This is problematic, because defining indigeneity has at least two important consequences. First, it affects who has access to resources or rights reserved for indigenous peoples. While defining oneself or being defined as indigenous may have negative implications—such as those detailed above—increasingly, it may offer certain privileges in terms of rights, resources, and access to economic and symbolic reparations. Second, it shapes the kinds of privileges and resources available to indigenous peoples, including redefining development policies that are culturally appropriate, developing monitoring mechanisms to improve accountability of policies, and promoting non-discrimination and inclusion of indigenous peoples in local, national, and international laws, policies and projects. Certain conceptions of indigeneity may be driving some of these policies, thus affecting the kinds of programs organizations like the UN choose to support. For example, linking indigeneity to spiritual understandings of the land may require particular kinds of reparations not frequently considered in liberal, Western frameworks, which tend to privilege property rights over non-tangible resources or opportunities.”
Fuck for Forest is a non-profit environmental organization founded in 2004 in Norway by Leona Johansson and Tommy Hol Ellingsen. It funds itself through a website of sexually explicit videos and photographs, charging a membership fee for access. A portion of funds are donated to the cause of rescuing the world’s rainforests.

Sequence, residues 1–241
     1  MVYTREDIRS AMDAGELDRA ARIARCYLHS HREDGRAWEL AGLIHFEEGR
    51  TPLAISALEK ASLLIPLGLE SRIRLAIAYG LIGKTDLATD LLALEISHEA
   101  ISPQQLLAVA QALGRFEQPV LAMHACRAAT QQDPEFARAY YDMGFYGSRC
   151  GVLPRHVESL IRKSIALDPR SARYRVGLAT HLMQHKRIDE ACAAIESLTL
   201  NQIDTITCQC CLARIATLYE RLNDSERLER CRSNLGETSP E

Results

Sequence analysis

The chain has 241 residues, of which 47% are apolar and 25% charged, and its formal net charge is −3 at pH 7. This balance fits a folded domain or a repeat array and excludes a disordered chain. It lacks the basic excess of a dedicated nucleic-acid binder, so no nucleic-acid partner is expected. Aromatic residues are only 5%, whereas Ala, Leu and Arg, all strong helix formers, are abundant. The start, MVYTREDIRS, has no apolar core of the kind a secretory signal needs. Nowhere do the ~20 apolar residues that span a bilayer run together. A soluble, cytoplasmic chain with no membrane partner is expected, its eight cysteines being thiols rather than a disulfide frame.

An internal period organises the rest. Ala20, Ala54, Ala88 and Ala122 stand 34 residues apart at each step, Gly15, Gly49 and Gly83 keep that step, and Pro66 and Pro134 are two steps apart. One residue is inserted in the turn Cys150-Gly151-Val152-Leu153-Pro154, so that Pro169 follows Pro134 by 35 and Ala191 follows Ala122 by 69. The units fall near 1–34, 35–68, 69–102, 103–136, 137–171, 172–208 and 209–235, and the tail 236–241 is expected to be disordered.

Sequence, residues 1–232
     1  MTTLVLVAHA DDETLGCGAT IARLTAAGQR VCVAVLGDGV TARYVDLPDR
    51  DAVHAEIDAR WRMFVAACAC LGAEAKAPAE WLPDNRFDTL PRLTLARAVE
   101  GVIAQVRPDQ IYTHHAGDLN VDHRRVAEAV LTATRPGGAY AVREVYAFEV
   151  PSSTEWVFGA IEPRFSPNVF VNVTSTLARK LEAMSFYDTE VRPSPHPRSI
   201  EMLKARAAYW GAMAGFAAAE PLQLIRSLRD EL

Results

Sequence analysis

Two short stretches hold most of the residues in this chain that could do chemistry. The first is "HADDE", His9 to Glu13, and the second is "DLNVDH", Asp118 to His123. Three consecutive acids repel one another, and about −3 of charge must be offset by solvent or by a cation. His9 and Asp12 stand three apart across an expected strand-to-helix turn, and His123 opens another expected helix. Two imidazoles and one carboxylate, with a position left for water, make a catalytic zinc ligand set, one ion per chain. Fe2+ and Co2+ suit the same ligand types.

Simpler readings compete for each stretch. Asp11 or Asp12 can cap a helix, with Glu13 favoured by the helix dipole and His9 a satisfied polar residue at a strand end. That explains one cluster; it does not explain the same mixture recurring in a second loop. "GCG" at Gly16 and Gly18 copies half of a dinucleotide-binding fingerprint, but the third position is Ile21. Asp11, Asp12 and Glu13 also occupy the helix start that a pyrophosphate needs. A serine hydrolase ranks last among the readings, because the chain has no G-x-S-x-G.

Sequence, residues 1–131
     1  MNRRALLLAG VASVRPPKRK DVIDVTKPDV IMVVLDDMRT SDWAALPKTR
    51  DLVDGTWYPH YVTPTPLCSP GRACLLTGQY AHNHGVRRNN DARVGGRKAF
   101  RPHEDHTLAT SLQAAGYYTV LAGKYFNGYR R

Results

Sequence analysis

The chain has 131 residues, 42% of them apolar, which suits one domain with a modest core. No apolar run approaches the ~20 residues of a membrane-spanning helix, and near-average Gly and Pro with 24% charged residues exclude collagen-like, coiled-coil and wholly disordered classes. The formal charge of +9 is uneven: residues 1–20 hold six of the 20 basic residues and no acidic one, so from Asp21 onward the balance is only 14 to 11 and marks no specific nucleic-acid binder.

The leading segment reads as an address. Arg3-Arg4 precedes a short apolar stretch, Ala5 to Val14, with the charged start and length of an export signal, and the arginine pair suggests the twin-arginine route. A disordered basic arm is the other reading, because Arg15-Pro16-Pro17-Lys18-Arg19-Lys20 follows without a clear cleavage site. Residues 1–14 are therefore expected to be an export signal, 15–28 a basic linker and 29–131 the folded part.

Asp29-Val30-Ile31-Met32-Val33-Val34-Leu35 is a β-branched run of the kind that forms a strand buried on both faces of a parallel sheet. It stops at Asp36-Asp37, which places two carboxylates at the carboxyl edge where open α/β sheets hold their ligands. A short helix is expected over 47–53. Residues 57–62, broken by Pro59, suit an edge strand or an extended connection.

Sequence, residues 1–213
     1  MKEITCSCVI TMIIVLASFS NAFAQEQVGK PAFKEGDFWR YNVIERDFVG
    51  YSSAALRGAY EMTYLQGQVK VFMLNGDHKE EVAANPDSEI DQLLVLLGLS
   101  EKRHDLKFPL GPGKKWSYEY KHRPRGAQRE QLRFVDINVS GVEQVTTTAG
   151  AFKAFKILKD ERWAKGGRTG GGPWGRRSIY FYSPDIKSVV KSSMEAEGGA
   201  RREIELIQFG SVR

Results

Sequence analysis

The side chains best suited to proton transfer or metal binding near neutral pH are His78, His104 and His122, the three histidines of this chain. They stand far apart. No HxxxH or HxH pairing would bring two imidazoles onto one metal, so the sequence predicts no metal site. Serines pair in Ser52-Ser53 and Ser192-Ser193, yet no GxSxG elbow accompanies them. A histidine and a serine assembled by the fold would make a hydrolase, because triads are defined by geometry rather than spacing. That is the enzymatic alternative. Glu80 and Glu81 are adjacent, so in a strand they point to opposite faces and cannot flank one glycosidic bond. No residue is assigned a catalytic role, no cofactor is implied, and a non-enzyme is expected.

How two American architects won a competition to design Australia’s capital in 1912
The Japanese earthquake changed our relationship to place, and post-disaster social media changed it again.
“Natural disasters are fundamentally experiences of place: The epicenter was here. It was this many miles from this other place. It affected here and here and here. Place is understood through position and relationship, through contact and distance.
Geography determines terrestrial points of contact. These change, but usually at a rate barely perceptible to the human eye. Politics and language anchor societal points of contact, through alliance, ideological similarity, and shared knowledge. These change more quickly than continents, but stay stable long enough to fill history textbooks. Communication technologies scaffold personal points of contact. These change quickly indeed.”
Directed by Imre Azem, Ecumenopolis tell the story of Istanbul and other Mega-Cities on a neo-liberal course to destruction. It follows the story of a migrant family on their on-going struggle for housing rights, and provides an in-depth context into the ongoing protests currently going on in Turkey. In this way, it presents an insightful picture of the history urban development, the pursuit of modernization, and the resulting effects.